The Complete Guide to Buying a Used Car From a Private Party

Buying a used car is not a complicated process. Choosing to buy a car used is actually a great way to save money compared to buying a new car.

Although it may take some time to find the perfect used car, it may be well worth the $1,000 or more in savings you get.

In this step by step guide, we will go over ways to search for used cars, what to look for, and how to finalize the car’s sale through paperwork.


The Plan

The first step in the process of buying a used car is to conduct some research and sit down and think about your needs.

The needs you have will affect what car you buy. Take a moment to create a list of things you are looking to get out of a car, such as third-row seating, a large trunk, good MPG, and a towing package.

You should also ask yourself about how old you want the car to be and how many miles you would like it to have. Age and mileage have one of the strongest effects on the price of a used car.

Once you have your requirements, you can begin to search for cars that fit your needs. For this article, let’s say you are in need of a 4 door car with less than 100,000 miles, with a minimum of 20 MPG, under $10,000.

Of course, most of us will not know all the cars that meet these criteria, so searching the internet can be a great way to find more information.

You can search for things such as “Most reliable cars under $10,000” or “Best used luxury cars under $20,000”.

These searches should result in a massive amount of websites offering you lists of cars that meet the search requirements. As stated earlier, we are looking for a 4 door sedan under $10k with 20 MPG or more.

Once we searched online, we found a few cars that fit our criteria: The 2005 Honda Accord Hybrid, a 2007 Honda Civic Hybrid, and a 2010 Toyota Corolla. They all seem like very reliable cars with a high MPG and safety rating, so why not.

Once you have created a list of the essentials you need from a car, you can begin to narrow your search and start browsing for used cars.


The Hunt

In the internet era, there are hundreds if not thousands of sources to find deals on used cars. Some of the top places to search for used cars are Craigslist andA woman stands in front of a series of cars she wants to buy used AutoTrader.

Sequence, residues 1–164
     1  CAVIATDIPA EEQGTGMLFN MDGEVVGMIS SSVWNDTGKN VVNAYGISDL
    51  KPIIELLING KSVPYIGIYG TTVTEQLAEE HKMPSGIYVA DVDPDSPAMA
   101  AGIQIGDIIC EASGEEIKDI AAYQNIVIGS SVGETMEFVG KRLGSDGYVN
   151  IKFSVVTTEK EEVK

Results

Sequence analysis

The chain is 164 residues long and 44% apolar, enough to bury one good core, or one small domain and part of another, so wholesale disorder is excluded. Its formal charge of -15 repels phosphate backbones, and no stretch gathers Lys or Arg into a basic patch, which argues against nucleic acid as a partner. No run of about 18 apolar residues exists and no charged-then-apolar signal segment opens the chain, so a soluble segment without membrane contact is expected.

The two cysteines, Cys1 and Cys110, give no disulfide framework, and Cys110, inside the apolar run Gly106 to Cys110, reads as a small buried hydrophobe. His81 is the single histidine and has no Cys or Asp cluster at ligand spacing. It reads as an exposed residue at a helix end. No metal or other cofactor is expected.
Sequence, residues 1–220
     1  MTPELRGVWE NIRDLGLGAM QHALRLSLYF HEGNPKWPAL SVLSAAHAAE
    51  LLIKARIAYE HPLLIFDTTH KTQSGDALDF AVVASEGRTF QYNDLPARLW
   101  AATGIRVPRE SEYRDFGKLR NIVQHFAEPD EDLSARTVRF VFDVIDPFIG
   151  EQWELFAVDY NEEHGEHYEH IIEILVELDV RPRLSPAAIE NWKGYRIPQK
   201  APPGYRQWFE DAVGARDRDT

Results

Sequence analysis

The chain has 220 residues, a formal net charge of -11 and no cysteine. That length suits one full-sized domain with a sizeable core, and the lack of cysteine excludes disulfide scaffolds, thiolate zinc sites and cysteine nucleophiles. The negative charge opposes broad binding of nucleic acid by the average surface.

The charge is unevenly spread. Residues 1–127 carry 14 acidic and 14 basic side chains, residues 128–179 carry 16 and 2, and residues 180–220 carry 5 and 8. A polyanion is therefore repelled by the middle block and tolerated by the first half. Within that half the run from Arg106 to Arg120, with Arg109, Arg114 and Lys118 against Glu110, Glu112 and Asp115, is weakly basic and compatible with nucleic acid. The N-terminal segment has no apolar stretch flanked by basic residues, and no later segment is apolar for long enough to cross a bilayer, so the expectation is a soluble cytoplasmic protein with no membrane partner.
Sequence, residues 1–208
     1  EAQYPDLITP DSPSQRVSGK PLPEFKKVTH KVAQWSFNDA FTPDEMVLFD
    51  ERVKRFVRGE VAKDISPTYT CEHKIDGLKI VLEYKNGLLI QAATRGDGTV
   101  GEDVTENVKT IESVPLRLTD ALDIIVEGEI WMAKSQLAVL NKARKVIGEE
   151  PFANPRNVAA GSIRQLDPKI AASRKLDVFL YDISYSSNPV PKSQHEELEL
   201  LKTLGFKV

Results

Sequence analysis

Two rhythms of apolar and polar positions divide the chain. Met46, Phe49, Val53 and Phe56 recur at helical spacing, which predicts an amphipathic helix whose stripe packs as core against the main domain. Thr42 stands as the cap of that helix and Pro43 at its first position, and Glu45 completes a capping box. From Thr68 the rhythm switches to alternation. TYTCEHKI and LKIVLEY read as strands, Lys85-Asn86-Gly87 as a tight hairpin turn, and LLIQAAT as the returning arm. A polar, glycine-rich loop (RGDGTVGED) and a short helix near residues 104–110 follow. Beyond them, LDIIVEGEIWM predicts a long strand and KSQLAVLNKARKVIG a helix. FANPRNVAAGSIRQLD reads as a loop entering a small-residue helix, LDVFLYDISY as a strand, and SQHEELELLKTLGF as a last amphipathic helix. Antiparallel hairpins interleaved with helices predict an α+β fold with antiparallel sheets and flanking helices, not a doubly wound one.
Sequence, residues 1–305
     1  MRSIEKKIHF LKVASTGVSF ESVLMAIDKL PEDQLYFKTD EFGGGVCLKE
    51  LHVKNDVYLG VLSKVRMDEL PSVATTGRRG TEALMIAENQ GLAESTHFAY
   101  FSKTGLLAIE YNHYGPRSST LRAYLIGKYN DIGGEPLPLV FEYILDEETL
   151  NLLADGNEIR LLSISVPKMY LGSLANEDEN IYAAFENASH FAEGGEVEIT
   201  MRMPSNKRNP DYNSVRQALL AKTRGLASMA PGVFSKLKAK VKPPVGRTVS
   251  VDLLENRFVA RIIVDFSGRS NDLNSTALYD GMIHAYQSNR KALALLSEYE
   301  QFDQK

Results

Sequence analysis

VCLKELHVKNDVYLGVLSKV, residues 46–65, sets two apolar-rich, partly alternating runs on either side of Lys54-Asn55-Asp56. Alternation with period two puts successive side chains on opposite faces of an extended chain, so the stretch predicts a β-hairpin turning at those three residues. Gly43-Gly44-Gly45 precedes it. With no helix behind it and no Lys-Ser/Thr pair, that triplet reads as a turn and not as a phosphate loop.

These 2 platforms control a dominant share of the used car marketplace. Craigslist is a very simple, popular, and easy to use tool to buy and sell miscellaneous items, including used cars.

I always recommend consumers use Craigslist to buy and sell cars. Craigslist auto listings are updated every 15 minutes, with hundreds of ads posted daily just for cars alone.

To begin your search, simply go to Craigslist.org and go to the “Cars and Trucks” section. There you can type in search terms such as Toyota Corolla or Honda Accord.

Additional filters will appear to the left of the screen as well. You can input a range of mileage, such as 70,000 to 120,000 miles. You may also do the same with the pricing.

For this example, we simply searched “Toyota Corolla” with a mileage range of 60,000 to 120,000 miles and a price between $9,000 and $11,000.

Although our initial budget was for $10,000, there is always room for negotiation in the sale of a car, so don’t be afraid of searching for cars in a higher price range.

We will go over negotiation later on in this article. The same rules apply to AutoTrader, you can easily filter through various listings to find the car that you want.


Choosing Cars

When looking for a used car, there are a few things you will want to avoid. First and foremost, try to avoid buying a car with a salvage title.

A salvage titled car means that the car was deemed a “total loss” by the insurance company, usually due to an accident, theft, or flood. Instead of fixing the car, the insurance decided to pay the car’s owner the value of the car.